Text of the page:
By Colin Loveday and Sheena McKie, Clayton Utz
Suppliers and retailers of goods may find themselves in difficult positions if they unwittingly supply goods which later turn out to be non-compliant, not fit for purpose or defective. Supplying goods which do not meet expectations of performance may lead to time-consuming remedial action including customer complaints, product recalls and, potentially, litigation. The position for suppliers may be further complicated if the goods or a component part have been manufactured overseas. Not all product defects manifest themselves immediately after supply, installation or use. Understanding some of the legal issues may help in managing and thereby minimising those risks.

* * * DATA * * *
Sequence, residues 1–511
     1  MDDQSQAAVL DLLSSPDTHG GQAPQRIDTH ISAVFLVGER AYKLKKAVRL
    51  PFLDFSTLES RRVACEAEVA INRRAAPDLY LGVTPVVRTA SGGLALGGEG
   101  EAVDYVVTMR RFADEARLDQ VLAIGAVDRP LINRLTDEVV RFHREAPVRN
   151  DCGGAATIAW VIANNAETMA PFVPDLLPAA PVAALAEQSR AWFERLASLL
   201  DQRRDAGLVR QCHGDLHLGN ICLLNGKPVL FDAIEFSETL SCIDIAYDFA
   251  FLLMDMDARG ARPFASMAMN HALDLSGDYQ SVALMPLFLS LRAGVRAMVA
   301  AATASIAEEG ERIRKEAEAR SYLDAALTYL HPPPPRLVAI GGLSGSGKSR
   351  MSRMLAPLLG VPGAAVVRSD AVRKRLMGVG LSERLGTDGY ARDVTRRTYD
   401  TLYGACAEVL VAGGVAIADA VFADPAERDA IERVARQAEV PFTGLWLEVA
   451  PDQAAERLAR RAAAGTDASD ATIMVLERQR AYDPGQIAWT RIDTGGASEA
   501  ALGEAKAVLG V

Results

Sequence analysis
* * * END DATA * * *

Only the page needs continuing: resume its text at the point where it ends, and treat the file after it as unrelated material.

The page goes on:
In our experience, responsible manufacturers have not only an excellent appreciation of quality assurance and quality control systems, but also their legal obligations and the potential risks that have to be managed associated with their products.